On Southwest 1380, initial indications are that a fragment of the engine blade pierced the engine casing, which then hit the airplane window (or perhaps a part of the casing did). According to the BBC,

Mr Sumwalt also said a casing on the engine was meant to contain any parts that come loose but, due to the speed at impact, the metal was able to penetrate the shell.

Is this an reasonably expected containment failure? Or is the failure to contain surprising to industry experts?

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    $\begingroup$ Yes, the engine casing is designed to contain the inner components if they fail. Why it didn't in this case is what the NTSB is actively investigating and nobody here can yet answer, so this question should be closed until the investigation is completed. $\endgroup$
    – Ben
    Apr 21, 2018 at 4:52
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    $\begingroup$ Ben's comment is basically the answer. “Yes, you're right to be confused/disturbed.” The BBC line makes it sound as if the event were fully understood. $\endgroup$
    – adam.baker
    Apr 21, 2018 at 5:45
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    $\begingroup$ Note that there was already similar accident, Southwest B737 near Pensacola on Aug 27th 2016, uncontained engine failure, but that investigation is also still in progress and nobody seems to have much idea why in the inlet cowling separated. Just that in both cases the initial failure triggered failure of the inlet cowling ahead of the fan and that in turn caused all the other damage. $\endgroup$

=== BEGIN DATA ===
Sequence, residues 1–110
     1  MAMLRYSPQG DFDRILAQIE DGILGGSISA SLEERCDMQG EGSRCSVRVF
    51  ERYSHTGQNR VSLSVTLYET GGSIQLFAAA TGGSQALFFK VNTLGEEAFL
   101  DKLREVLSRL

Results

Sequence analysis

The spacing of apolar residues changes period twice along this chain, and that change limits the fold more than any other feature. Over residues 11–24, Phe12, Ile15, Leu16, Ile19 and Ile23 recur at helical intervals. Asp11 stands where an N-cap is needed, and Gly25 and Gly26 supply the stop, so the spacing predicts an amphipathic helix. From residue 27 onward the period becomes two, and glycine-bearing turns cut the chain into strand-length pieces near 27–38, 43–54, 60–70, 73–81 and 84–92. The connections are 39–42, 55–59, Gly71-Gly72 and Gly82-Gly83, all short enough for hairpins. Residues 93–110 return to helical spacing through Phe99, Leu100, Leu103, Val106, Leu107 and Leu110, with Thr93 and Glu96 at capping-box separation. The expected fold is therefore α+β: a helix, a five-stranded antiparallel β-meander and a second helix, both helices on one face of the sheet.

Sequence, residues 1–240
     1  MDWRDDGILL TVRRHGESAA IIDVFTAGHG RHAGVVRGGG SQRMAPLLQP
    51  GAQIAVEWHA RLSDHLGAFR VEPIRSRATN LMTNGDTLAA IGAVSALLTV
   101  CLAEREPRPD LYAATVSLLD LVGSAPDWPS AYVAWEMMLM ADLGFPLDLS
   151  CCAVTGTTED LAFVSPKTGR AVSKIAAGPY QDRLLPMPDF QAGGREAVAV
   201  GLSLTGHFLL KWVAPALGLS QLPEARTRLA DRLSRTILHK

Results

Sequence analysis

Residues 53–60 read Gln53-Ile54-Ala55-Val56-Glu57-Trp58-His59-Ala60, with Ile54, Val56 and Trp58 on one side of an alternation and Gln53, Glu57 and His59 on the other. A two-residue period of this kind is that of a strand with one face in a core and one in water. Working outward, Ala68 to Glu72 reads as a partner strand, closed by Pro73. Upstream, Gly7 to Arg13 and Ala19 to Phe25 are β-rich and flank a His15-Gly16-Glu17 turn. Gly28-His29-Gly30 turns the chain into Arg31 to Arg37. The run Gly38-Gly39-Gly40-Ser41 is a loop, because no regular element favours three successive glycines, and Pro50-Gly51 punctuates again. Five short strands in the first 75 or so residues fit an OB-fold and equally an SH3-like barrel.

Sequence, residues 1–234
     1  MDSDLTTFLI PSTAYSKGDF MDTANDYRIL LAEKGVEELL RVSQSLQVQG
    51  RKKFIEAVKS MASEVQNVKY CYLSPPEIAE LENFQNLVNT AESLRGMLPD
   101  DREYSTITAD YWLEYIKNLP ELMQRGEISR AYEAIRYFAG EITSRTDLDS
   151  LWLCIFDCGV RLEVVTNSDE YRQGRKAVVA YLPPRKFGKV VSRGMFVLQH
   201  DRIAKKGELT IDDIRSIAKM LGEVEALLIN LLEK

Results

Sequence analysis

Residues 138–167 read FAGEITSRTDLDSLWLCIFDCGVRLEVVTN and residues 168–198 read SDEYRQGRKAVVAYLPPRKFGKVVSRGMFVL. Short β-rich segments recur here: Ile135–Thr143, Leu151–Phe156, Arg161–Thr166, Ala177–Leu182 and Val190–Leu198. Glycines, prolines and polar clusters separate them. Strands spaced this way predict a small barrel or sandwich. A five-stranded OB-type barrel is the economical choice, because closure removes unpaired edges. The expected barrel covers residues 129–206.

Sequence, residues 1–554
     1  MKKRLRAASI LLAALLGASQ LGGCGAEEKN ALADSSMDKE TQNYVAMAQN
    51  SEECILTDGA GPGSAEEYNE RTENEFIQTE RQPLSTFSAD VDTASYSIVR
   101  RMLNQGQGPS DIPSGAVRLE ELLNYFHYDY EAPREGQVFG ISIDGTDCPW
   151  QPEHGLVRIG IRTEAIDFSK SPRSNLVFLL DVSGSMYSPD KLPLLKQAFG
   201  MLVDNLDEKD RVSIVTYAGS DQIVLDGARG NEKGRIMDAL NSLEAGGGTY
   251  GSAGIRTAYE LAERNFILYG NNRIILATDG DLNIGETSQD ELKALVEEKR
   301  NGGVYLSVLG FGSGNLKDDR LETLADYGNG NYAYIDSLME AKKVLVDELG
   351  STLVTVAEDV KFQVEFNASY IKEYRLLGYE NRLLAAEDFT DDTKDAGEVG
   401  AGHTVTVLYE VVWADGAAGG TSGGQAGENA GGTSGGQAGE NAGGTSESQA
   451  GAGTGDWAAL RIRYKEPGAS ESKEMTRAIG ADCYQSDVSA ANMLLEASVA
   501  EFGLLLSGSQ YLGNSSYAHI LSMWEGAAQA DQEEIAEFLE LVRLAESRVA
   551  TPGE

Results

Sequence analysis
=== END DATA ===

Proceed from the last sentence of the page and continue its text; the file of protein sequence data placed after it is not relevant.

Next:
– Jan Hudec
    Apr 22, 2018 at 20:56

1 Answer 1


We don't yet know how or why the engine casing failed to contain the fan blade on Southwest 1380.

But yes: Not only are the engines designed to contain blade failures at fan red-line speeds, but they are also required by 14 CFR 33.94 to confirm they do, typically via destructive "blade-off testing." (There are a number of good videos of this testing online: Search "turbine blade fail test" or "blade-out engine test.")

As noted here "fan blade-out" failures in the real world are virtually unseen. (Turbine blade failures are relatively common and can even go unnoticed until major service teardowns.)

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    $\begingroup$ I should be noted that uncontained engine failures still do occur at rate of several a year. Quick search shows at least 5 in 2017 and it's similar for preceding years. Usually this is because a larger fragment breaks loose—the requirement is to contain a single blade only. $\endgroup$
    – Jan Hudec
    Apr 22, 2018 at 20:18

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